Police: Possibly 300 cars stolen in chop shop operation

HUNTING PARK - December 13, 2011

Authorities are now working to get the cars and the property that was inside of them back to the owners, some of whom are recent victims.

Dante Alexander's wife Melissa had her 1996 Honda Accord stolen last Monday from right outside their home.

"We just got a call saying they recovered some stuff, so we're about to see if we're one of the lucky ones who recoup some of our stuff," Dante said.

Melissa's car was recovered Friday, but the catalytic converter was gone, as well as other items including Christmas gifts.

By Tuesday evening, however, the family had the Honda Accord once again parked in front of their house. Police also recovered most of the Christmas presents the couple had bought for their kids, which apparently weren't too hard to find. The Alexander's say the crooks had taken the toys and placed them under their own Christmas tree.

"It's sad to know that they actually had stuff that I paid for out of my hard earned money under their Christmas tree for their kids. I feel bad for the kids, but at the same time, he didn't think about mine," Melissa said.

The Commanding Officer of Major Crimes announced in Hunting Park earlier in the day that Alexander Ramos and his brother Eduardo Ramos have been charged with 71 counts of auto theft, among other charges.

Many of the 83 vehicles police recovered were older model 1996-1997 Hondas, mostly Accords. Why would thieves be interested in old Hondas?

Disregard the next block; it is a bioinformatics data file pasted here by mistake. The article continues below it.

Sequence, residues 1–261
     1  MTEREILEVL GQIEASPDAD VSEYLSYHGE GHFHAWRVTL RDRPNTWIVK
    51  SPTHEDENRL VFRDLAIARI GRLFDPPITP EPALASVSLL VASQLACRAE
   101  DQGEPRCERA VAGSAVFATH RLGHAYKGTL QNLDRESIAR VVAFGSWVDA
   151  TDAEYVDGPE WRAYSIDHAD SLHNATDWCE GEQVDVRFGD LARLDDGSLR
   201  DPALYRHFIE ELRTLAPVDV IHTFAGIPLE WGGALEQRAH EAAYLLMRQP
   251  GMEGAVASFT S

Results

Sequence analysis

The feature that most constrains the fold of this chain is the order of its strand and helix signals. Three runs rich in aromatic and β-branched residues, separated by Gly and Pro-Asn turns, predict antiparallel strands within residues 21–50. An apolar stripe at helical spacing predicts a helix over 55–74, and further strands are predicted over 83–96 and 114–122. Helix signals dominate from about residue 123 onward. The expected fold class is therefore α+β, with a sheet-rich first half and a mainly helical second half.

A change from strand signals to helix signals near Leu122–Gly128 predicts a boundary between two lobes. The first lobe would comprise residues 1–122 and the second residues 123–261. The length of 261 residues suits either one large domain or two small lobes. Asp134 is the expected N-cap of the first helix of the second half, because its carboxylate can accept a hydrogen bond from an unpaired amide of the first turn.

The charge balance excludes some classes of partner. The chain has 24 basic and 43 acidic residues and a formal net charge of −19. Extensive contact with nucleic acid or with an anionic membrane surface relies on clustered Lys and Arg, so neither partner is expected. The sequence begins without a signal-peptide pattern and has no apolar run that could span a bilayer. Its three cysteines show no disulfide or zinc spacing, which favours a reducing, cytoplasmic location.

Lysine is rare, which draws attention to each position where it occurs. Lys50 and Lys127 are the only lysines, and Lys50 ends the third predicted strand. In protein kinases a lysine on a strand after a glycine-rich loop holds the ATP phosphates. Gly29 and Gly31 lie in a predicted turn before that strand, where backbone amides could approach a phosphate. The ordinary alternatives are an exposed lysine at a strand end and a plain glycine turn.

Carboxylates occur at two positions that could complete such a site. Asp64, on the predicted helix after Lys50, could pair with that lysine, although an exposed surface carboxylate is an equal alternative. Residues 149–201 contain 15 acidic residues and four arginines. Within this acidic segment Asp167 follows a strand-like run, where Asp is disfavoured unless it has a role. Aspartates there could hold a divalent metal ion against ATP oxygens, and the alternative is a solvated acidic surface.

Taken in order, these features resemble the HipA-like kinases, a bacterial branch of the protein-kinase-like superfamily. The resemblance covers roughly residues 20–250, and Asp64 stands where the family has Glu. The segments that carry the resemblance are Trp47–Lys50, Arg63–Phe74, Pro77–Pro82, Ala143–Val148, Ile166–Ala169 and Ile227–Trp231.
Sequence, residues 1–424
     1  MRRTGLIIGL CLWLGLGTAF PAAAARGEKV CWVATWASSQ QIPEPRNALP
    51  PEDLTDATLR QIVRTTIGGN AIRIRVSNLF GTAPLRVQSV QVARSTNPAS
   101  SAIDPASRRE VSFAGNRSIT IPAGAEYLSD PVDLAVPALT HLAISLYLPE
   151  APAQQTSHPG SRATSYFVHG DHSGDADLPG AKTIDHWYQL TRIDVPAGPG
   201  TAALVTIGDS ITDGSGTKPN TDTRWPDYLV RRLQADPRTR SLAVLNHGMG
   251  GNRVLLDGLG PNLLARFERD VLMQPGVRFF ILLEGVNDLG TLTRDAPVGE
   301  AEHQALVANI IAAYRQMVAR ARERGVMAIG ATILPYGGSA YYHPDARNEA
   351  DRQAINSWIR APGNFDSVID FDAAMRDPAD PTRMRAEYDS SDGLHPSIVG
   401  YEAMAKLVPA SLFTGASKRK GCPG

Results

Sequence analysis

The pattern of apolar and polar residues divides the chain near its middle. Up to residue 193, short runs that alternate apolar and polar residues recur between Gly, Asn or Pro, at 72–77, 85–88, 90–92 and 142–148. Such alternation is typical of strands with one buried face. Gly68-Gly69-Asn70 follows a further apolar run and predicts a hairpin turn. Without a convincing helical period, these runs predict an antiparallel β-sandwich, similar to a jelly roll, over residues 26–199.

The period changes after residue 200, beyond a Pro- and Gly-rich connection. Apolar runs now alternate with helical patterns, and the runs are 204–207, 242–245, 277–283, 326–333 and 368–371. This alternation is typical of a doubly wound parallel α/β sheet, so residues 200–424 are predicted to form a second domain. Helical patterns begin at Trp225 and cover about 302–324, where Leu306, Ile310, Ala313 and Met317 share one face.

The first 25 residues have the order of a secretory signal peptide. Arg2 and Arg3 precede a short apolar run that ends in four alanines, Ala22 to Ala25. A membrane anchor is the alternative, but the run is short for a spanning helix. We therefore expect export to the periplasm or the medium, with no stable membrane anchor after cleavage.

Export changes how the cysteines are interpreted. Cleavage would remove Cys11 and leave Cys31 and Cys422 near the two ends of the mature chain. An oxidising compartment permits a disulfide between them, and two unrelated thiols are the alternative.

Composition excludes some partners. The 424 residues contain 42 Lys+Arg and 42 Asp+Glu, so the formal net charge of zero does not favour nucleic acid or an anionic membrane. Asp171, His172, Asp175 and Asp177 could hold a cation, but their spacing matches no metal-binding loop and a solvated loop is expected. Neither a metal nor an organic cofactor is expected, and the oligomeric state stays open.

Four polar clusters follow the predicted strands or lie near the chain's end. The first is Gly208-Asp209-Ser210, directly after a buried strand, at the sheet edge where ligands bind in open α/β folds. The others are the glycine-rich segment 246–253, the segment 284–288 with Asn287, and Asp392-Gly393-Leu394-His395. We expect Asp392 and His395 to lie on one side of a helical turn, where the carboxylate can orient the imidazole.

"Mainly the target of vehicle was the catalytic converter. They have platinum in them and they are worth quite a bit of money on the street," Captain Leonard Ditchkofsky said. Police say newer Honda models do not contain the platinum.

This investigation began in August with a traffic stop.

Police say the cars mostly were stolen from parking lots or streets in various sections of the city including the Northeast, the Northwest, Center City, and South Philadelphia.

The brothers allegedly operated out of the garages of their homes.

"Their normal method of operation is they will steal the car, take it to one of their two houses, get it in the garage; they saw off the catalytic converter, start the car, remove the battery, and dump the car. Most of them were dumped in the lower northeast section of the city," Captain Ditchkofsky said.

Police say there could be other suspects out there.

The investigation continues.

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